Nonprofit Valuations: Transactions Requiring an Accurate Valuation of Your Nonprofit

Nonprofit Valuations Transactions Requiring an Accurate Valuation of Your NonprofitDid you know that nonprofit organizations, like their for-profit counterparts, can benefit from an independent business appraisal?
AAFCPAs advises nonprofit organizations to obtain a business valuation from a qualified, accredited appraiser under the following circumstances:

  1. Converting from nonprofit status to for-profit status – There are necessary procedures when companies no longer desire nonprofit status and wish to convert to a for profit entity. The IRS must be notified in writing that you are no longer tax exempt, and you must state the reason for the conversion.  You must also include a certified copy of the liquidation plan, an appraisal of the fair market value of the entity, and a list of all the assets to be distributed to the recipients. In addition, some states require a business valuation before allowing the conversion from nonprofit to for profit status.
  2. Selling or spinning-off a division or profit center – In circumstances where a program or division no longer supports the charitable mission of your nonprofit, it may be advisable to sell or spin-off this division to a for-profit entity. An independent valuation will allow you to better negotiate the best possible sales price.
  3. Merging or collaborating with another nonprofit – There are a variety of reasons nonprofits merge or form a collaborative, including: developing greater organizational efficiency, preserving the mission, improving and expanding existing services. There could be tax consequences if the fair market value of the nonprofit is in excess of the consideration received. If the sales transaction is to an insider and is considered excessive, then there may be an excise tax due under Section 4958 of the Internal Revenue Code. Valuations need to be performed to determine the fair market value.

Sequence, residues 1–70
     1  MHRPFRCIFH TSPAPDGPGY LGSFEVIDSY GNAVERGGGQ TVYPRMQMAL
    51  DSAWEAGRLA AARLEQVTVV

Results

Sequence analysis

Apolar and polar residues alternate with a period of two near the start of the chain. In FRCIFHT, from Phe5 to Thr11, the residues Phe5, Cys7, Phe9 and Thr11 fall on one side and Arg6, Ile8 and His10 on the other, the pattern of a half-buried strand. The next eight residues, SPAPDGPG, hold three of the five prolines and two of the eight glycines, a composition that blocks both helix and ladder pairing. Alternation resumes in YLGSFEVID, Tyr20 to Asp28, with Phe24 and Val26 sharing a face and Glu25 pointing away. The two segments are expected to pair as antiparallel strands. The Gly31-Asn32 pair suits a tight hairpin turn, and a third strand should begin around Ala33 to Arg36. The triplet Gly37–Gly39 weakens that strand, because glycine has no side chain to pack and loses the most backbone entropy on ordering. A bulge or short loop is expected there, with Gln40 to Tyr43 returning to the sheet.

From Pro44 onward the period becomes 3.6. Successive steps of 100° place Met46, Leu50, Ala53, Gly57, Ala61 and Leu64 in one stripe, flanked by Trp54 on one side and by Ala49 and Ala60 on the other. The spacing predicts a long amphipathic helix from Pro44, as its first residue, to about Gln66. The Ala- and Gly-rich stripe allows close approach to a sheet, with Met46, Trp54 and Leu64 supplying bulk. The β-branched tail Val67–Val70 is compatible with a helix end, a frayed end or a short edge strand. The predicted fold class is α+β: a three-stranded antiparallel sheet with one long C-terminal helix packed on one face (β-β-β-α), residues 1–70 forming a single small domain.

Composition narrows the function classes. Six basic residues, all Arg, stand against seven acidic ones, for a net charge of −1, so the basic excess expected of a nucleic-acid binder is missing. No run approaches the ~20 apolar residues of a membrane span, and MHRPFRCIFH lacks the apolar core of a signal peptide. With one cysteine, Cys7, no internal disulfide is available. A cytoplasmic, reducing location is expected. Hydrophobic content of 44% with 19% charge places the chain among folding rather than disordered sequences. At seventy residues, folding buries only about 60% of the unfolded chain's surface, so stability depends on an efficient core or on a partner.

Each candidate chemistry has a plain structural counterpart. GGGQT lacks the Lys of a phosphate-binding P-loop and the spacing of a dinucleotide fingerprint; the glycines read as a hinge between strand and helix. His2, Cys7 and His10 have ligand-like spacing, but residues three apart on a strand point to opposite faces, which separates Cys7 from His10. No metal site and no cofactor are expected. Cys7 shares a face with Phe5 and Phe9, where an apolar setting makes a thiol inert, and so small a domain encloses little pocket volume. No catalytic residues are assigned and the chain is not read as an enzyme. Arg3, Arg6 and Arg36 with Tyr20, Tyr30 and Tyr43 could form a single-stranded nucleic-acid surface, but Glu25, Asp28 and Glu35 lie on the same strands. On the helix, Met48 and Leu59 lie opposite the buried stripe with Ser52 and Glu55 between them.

4. Merging with a for-profit – In nonprofit/for-profit mergers, any transfer of assets must be reported to the IRS at fair market value to comply with federal tax codes.
  5. Sale of a partial ownership interest – Some nonprofit organizations are structured as partnerships or limited liability companies (such as affordable housing partnerships). If the general partner was originally structured as a C Corporation and becomes profitable, this may result in a tax liability. In some cases, AAFCPAs advises clients to sell general partnership interest to a related nonprofit at fair market value to eliminate future tax liabilities.
  6. Non-cash Donations in Excess of $5,000 – The IRS requires that noncash charitable donations in excess of $5,000 be reported on Form 8283, Noncash Charitable Contributions, and be supported by a qualified appraisal. Nonprofits will often receive gifts of privately owned company stock. AAFCPAs can be a resource for the valuation of that privately owned stock to ensure the proper reporting to the IRS by both the donor and the donee.
  7. Foundations – The assets of a foundation may need to be valued on an annual basis to determine the appropriate annual distribution.

Nonprofit business valuations provide critical information needed to make strategic management decisions, and comply with any necessary regulatory requirements. Valuations may also be needed to facilitate transactions, such as: mergers, acquisitions, asset transfers and spinoffs.
AAFCPAs provides best-value assurance, tax, and business advisory solutions to 350+ local, national, and global nonprofits.  Our multi-disciplinary team includes business advisors with decades of nonprofit management consulting, business valuation, transaction advisory, succession planning, money management, and tax planning experience.

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